I love Christmas. I absolutely love it. Most of all, I love the build up. The irony is, that the six weeks or so leading up to the big day is without a doubt, the busiest time of year for me and so often pretty stressful. As for most mum’s (and yes I’m fairly convinced that in the vast majority of homes it is the mum who bares the brunt of organising Christmas), the planning, shopping, wrapping, writing of cards, attending the school plays/carol service/fair, not to mention the socialising (oh and going to work, so most of this stuff happens in the evenings), has often left me on my knees. So the prospect of a Christmas without any of the above was very appealing when we were planning our trip.
I had managed to reach the grand old age of 42 without spending a single Christmas away from my family. Pretty impressive! Well maybe not impressive – actually quite unusual, but gives a little insight into the person I am; Someone raised to be both independent and confident, yet with incredibly strong ties to home, my immediate family and friends. (Also someone who at 40, realized they’d never flown too far from the nest and sought to change that up a bit by travelling around the world!)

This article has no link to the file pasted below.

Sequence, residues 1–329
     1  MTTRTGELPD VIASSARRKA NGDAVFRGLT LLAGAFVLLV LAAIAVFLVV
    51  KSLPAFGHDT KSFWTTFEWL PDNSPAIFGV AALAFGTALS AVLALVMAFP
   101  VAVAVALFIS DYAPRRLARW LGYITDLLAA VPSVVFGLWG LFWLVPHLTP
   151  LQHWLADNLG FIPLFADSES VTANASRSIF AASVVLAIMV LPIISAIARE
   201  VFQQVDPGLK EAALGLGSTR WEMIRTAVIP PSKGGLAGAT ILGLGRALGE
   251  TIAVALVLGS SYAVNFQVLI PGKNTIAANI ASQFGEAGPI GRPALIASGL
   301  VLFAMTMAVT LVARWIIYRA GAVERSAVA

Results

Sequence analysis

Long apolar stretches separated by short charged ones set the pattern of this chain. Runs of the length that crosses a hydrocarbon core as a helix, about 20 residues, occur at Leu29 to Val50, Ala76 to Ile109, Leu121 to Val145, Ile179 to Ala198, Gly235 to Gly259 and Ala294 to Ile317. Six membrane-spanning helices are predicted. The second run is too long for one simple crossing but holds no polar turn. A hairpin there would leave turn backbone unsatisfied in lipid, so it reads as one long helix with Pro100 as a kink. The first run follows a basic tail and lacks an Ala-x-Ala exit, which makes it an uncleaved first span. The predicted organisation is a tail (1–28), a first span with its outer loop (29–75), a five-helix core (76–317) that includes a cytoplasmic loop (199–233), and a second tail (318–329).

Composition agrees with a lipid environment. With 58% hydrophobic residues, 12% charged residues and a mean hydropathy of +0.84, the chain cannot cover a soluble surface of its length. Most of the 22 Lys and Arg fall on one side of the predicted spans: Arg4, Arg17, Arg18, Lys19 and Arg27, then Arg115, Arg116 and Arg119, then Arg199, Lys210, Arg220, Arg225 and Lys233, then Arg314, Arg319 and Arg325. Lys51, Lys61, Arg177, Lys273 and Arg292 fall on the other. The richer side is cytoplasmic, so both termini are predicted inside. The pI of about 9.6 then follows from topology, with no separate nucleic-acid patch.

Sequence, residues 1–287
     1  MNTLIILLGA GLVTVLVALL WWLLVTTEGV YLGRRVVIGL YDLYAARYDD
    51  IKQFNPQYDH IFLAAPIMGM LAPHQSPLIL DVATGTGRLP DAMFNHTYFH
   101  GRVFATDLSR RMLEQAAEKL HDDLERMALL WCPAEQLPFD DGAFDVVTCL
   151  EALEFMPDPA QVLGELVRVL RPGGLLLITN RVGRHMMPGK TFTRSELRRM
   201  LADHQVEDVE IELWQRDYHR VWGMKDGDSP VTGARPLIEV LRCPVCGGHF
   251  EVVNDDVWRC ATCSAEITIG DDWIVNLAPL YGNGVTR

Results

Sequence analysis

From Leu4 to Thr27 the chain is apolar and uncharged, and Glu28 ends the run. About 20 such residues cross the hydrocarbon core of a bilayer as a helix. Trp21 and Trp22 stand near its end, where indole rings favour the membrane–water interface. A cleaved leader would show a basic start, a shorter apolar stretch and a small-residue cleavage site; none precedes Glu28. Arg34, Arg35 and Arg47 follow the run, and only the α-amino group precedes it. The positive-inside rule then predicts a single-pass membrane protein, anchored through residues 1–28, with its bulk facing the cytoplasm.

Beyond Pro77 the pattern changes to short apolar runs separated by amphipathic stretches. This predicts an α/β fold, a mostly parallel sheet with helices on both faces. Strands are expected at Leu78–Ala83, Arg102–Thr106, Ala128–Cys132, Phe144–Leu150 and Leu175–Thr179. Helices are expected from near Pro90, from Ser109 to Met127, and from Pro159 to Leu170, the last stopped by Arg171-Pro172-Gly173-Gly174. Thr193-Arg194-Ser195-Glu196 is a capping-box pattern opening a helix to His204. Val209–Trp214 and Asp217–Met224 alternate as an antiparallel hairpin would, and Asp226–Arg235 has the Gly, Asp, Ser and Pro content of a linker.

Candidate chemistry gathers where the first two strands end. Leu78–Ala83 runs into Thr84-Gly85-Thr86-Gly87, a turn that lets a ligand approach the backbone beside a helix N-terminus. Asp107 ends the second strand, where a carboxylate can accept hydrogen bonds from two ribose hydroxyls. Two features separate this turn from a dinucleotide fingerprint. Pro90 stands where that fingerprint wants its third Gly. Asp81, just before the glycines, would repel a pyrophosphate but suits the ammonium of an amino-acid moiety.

We were lucky enough to spend the first three weeks of December in Whistler, Canada. As we rolled into town, the snow was falling, Christmas trees were twinkling with fairy lights and we put on jumpers and boots for the first time in nearly a year – it felt magical. We were joined by some family and good friends and together with the cold weather, snow on the ground and mulled wine, it created a perfect backdrop for the Christmas build up. Strangely it really didn’t feel Christmassy at all and if that didn’t feel like Christmas, it was probably a clue that flying half way around the world to the hot sunshine down under probably wouldn’t either!
On the 22nd December we arrived in Sydney. Being back in the sun (after all of three weeks) was wonderful! We met up with some of our best friends from home and it felt like we were on a holiday from our Ireland Hopping travels. What it didn’t feel like was Christmas. Why was this even noticeable to me? See paragraph one!